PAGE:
It’s not always easy picking a winning ad. As search marketers, we talk about split testing constantly, and in theory, we are spot on. You should be evaluating your ad performance continually, and replacing under performing ads with new text/images at a regular rate. But what metrics are the most important to determining which ad is the most powerful?
The answer to that question isn’t simple, especially since each business is a little bit different. Conversion points for one business may be of a higher value than another, or you may have multiple conversion points of varying values. You may put more value on traffic or click-thru rates than conversions, depending on your business model. I have developed a top-level set of equations to help determine ad performance across the board. How you use the data it produces it up to you, but it should give you an understanding of ad performance at its most basic level.
The ad performance algorithms are broken out into two parts. First, the Positional Performance Rate (PPR). To determine an ad’s PPR, use the following equation:
(Average CPC + Average Position)/2 = PPR
For example, if I have an ad that has an average CPC of $0.50 and an average position of 1.3, my PPR = 0.9. The idea behind the PPR is to have the lowest value possible. This means you are paying the absolute least to be in the highest positions. An ad with a PPR of 0.90 would beat out an ad with a PPR of 1.05 if you are only determining ad performance on bringing in valuable traffic. This works for branding campaigns across both the Search and Display Networks.
The second equation to evaluation ad performance is called the Success Rate (super awesome name, right?) or SR. To determine an ad’s SR, use the following equation:
(Click-Thru Rate + Conversion Rate)/2 = SR
For example, if I have an ad that has a CTR of 2.50% and a Conversion Rate of 10.00%, my SR = 6.25. The idea behind the SR is to have the highest value possible. This means you are getting the most traffic and the most conversions with this ad. An ad with a SR of 6.25 would beat out an ad with a SR of 6.15 if you are determining ad performance based on conversion metrics. Pretty much every campaign can appreciate conversions as long as it is bringing the business something of value, such as a sale or a lead or heck, even a newsletter subscription!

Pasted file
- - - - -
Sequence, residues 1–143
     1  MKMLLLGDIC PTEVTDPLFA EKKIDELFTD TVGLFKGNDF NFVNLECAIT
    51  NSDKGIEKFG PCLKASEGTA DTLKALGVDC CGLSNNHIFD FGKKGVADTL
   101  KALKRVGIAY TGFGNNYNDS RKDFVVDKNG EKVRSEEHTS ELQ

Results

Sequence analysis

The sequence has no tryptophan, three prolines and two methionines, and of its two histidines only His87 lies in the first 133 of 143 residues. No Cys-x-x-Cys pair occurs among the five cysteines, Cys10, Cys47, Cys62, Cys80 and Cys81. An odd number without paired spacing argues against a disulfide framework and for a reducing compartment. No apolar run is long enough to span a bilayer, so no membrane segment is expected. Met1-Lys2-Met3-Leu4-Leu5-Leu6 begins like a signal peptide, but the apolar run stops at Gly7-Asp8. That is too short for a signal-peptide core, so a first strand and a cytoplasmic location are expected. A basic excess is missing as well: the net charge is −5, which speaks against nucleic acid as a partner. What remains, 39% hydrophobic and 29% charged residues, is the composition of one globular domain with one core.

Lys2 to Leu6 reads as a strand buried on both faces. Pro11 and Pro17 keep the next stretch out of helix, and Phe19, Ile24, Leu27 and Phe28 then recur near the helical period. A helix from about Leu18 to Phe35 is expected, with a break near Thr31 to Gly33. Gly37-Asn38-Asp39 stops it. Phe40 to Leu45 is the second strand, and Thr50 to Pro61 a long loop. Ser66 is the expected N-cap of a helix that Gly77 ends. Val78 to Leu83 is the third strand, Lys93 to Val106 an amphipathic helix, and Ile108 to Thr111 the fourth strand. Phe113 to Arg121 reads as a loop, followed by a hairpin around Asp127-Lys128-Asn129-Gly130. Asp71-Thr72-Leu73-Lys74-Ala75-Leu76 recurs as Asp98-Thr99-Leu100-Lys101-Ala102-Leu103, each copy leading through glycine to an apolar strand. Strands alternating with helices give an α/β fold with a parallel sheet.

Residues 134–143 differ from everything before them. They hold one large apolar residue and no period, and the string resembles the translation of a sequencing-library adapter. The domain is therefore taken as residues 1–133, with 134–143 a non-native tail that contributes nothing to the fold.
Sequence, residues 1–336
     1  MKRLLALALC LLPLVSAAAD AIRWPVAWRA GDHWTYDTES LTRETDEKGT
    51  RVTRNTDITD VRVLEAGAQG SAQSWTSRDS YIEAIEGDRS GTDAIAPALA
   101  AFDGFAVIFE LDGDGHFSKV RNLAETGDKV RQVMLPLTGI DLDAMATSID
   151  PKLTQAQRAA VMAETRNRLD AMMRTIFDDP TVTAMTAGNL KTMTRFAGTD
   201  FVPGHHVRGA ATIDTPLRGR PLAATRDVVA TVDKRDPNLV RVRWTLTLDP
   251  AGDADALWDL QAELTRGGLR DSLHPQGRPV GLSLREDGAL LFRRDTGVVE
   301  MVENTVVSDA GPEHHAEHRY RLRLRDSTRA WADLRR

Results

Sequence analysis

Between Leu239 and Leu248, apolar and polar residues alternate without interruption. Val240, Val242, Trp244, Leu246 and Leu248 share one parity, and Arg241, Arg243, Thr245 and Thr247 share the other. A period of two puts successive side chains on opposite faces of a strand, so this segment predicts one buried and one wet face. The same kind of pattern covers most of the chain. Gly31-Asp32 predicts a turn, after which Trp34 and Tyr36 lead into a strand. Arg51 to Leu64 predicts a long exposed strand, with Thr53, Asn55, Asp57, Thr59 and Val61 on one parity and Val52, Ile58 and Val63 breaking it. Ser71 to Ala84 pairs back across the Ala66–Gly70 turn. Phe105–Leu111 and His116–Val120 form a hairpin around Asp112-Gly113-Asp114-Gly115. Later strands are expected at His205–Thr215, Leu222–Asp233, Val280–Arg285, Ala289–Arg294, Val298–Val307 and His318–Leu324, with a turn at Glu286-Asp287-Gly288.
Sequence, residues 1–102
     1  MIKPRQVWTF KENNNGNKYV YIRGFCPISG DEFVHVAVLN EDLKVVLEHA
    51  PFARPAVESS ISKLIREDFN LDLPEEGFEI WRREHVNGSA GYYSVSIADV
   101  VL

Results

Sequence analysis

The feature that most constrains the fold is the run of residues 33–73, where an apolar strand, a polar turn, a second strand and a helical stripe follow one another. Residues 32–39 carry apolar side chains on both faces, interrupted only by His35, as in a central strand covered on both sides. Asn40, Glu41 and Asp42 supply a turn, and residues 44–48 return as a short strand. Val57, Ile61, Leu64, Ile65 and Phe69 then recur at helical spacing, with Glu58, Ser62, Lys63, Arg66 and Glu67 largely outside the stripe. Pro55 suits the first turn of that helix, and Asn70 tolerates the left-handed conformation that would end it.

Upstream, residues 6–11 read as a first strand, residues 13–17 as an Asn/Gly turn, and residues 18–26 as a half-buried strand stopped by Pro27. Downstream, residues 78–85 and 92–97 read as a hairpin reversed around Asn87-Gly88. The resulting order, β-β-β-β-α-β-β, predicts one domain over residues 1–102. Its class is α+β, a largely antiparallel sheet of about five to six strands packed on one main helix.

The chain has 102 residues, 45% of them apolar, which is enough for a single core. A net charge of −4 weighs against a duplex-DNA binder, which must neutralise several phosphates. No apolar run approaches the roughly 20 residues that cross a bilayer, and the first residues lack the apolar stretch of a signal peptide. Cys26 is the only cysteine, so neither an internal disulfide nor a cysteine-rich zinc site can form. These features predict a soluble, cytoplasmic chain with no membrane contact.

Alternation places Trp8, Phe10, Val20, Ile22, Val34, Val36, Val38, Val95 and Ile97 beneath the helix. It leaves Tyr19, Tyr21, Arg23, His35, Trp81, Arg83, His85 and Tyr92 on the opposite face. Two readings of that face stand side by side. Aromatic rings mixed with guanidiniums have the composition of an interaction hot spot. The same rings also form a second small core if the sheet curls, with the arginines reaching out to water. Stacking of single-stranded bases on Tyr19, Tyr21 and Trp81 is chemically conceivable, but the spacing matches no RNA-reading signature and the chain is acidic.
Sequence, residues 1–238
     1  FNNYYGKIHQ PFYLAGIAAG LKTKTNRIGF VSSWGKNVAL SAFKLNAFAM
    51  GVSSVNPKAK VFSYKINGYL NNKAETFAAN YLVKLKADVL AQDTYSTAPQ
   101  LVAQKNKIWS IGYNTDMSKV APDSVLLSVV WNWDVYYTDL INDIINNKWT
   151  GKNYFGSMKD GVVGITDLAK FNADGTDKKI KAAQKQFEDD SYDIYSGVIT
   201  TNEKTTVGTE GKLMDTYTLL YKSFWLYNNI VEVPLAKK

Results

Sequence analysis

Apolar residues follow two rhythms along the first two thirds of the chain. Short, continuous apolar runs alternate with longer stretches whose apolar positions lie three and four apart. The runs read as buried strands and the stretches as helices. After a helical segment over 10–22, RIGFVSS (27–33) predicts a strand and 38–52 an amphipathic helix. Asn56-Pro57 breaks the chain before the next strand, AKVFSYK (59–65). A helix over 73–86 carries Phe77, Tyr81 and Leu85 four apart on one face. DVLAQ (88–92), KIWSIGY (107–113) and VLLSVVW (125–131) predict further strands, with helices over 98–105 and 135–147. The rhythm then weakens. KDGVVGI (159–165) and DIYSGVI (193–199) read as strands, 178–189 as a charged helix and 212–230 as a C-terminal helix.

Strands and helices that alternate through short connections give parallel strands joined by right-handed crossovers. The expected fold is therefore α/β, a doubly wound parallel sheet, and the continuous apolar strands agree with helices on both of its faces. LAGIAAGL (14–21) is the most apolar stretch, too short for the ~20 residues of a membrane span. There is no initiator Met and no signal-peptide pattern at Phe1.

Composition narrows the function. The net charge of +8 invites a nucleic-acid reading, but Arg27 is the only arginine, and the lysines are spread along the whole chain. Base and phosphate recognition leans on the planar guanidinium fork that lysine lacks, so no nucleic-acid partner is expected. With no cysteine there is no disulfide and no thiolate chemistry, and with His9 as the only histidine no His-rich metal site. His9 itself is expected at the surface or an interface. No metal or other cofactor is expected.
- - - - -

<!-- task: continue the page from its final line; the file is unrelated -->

How do I use these equations if I value traffic AND conversions?
Well, my friend, you need to look at both the PPR and SR to determine a winning ad. This means you have to use a little bit of your data-hoarding abilities and a little bit of what I like to call “best judgement”. Here is a prime example:
Ad Variation 1: PPR 1.05 and SR 15.41
Ad Variation 2: PPR 0.88 and SR 15.17
These ads are pretty close in their metrics. This is most likely to be a pretty common occurrance. I specifically do not use numbers of clicks or conversions because these can be skewed by the percentage at which your ad was served. The values included in each equation should be independent of the percentage served and give you a more accurate picture of their performance. To decide between the two of these, I take a look at my hard data. Ad variation 1 has a better Success Rate, but a poorer Positional Performance Rate. Ad Variation 2 has a better Positional Performance Rate, but a poorer Success Rate. This particular client is an e-Commerce store, and since the amount of traffic that would be brought in (based on PPR) is minimally different between the two, I would use my SR metrics to determine that Ad Variation 1 is my winning ad.
Using these algorithms to clean house for ad groups with 3+ ads is especially useful. It is easier to find the weakest ad in groups of 3 or more than 2. In some instances, you will find that one ad is surprisingly outpacing another. Great! It’s easy to be biased in what you assume will be a better performing ad. I do it in my bigger campaigns all the time when I have really pushed to change wording in a certain way. This helps take the bias out of determining ad winners, can be plugged into a spreadsheet easily, and looks pretty damn impressive when reported visually to a client.